So you want to open-source some of your code – perhaps share it on GitHub or build a business around it on Binpress – and you wonder how to go about it. In this post I’ll cover all the basics of taking the source of an existing project and preparing it for public consumption.

1. Prepare and normalize files and directories

The files needed for the project you want to publish might be scattered over several folders in your project, with adhoc, almost random structure. Now it’s time to organize them in a coherent, consistent structure, preferably by borrowing from commonly used structures in other open-source projects. An example for such a structure for a Zend Framework project:

/public  -- All the publicly accessible files
    /images
    /styles
    /js
/library  -- Generic reusable server-side code
/application -- Application specific server-side code
   /models
   /controllers
   /views
/tests -- Unit tests (if applicable)

File names should follow the coding standards for the language you are using. We have a list of coding standards for all the languages we support (and we’ll more if there’s demand), and you can easily any not listed by searching on Google.

2. Minimize external dependencies

Try to remove any external dependencies that are not necessary from in your code. This includes extending your personal convenience classes that you will not be including in the project – a common case when you have a stack built adhoc over time. Change the classes to extend the original framework / library classes, and provide any necessary functionality in the project files.

Try to make sure you are not including files that are not being used by the project just for being in the same directories as other files.

3. Remove copyrighted material

You need to remove and / or replace any copyrighted material included in your works. This includes your own copyrighted images and content (including logo) and any other material that might be copyrighted.

If you are not sure about the copyright status of the materials you are using, please visit the source at which you got it from. If there is no indication of copyright status, you are welcome to send us a message to legal@binpress.com to clear content for use.

4. Comment and document your source-code

If you are not in the habit of documenting code or use a non-standard approach, now is the time to work on it a little. Try to use a standard commenting style – for example, the DocBlock style is considered the de-facto standard for PHP.

Familiarize yourself with the standard commenting style for your language / framework / platform, and try to comment your source-code where relevant (over commenting is not needed) – typically class header files, methods and parameters.

If you find you need to add many inline comments in order to explain what some code is doing, perhaps you need to refactor it a bit to make it more readable.

5. Pick a license

Picking the right license for your project has major implications on who can and will use it in their software. There’s a very nice overview of the various free open-source licenses over at Coding Horror, and we will be writing about that topic in the future as well.

Some considerations to make –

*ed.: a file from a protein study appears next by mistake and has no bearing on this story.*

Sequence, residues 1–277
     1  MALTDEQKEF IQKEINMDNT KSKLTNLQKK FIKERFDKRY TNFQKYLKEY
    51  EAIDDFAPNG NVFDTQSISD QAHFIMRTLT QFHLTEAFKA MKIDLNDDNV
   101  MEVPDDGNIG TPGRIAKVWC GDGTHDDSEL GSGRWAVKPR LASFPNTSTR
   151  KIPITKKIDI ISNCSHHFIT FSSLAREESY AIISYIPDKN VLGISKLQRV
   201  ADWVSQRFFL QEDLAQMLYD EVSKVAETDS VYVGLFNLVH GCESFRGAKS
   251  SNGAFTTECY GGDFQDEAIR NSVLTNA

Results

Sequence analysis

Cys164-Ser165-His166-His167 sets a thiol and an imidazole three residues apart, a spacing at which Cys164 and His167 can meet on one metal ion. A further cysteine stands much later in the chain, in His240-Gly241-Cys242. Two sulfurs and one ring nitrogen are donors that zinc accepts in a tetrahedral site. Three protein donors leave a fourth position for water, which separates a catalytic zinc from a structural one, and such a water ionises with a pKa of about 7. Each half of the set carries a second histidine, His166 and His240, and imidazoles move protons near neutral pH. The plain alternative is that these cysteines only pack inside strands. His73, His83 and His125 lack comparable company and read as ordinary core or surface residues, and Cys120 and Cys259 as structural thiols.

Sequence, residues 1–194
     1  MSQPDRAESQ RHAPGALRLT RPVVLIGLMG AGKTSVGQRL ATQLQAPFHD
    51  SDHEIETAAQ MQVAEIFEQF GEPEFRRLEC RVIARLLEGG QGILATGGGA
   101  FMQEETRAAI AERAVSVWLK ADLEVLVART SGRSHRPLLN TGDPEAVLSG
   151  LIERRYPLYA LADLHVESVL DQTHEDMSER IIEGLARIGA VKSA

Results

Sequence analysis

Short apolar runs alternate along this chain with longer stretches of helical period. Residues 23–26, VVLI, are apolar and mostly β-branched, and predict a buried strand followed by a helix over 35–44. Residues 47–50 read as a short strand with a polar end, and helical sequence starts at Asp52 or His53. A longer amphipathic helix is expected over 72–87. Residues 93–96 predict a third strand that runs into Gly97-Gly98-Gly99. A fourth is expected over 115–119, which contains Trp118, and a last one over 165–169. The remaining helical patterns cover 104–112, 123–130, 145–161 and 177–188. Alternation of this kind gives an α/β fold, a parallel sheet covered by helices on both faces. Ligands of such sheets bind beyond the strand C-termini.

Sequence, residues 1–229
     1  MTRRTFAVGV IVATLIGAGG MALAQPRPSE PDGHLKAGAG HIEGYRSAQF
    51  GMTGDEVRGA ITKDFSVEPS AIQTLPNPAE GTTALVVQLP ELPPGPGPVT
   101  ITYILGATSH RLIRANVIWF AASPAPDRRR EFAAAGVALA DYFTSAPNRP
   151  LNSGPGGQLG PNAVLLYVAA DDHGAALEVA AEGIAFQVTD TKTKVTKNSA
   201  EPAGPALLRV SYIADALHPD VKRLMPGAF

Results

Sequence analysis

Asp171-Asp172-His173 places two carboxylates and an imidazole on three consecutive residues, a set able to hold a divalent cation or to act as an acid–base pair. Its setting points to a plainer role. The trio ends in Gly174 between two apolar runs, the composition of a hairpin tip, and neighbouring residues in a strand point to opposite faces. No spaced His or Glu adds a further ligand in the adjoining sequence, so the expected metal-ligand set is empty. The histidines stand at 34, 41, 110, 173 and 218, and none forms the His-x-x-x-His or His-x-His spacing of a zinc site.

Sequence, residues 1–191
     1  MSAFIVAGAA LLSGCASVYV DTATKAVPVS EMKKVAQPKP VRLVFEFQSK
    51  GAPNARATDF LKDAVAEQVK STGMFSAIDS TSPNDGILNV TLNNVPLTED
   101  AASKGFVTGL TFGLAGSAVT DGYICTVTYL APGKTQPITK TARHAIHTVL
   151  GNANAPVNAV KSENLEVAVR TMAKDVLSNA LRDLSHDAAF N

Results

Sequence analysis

• Should you use a viral license (copyleft) or not? (typically, GPL or not)
  • Are you considering dual-licensing? especially if you want the other license to be a commercial license, specific open-source licenses would fit specific use-cases.
  • Commercial licenses have their own variables as well. You should check the short overview we have on the various clauses that typically appear in commercial licenses (and specifically in ours).

6. Add working examples

Working examples are very important if you want people to actually use your project. If you have a live site already showcasing the project, you should link directly to that. Make sure though that your examples are not password restricted and accessible to normal visitors.

Other examples might include an app on one of the mobile app-stores, or a video demonstrating functionality or the code in a live application.

7. Versioning, hosted repositories and downloadable packages

If you’re not using a versioning system already, you really should. If you are, you should check out one of the hosted repository services, such as GitHub, Google Code and SourceForge. Those services provide features which are useful for open-source projects, such as issue tracking and a public profile searchable within the service directory. Of course, we provide similar features as well – and we have integration with GitHub specifically (and hopefully with other such services soon).

One last important note is to make sure to prepare your a downloadable version of your project. Most of the repository hosting services allow users to download the trunk directly as an archived package, but you should prepare releases as specific tags within your versioning scheme, so people would always receive a stable release by default (while you keep committing changes and new, untested features to the trunk).

If you are publishing your project on Binpress, such a file is what we would ask for. If you imported a GitHub project, you need to select the tag to be used as the download, or you can upload a .zip file directly (created using a free ZIP archiving program, such as 7zip)

That’s it! open-sourcing your code takes a bit of work, but the rewards are certainly worth it. If you have additional tips for preparing code for open-source publication, let us know in the comments below.

Posted in Binpress Building an Open-Source Business Open-Source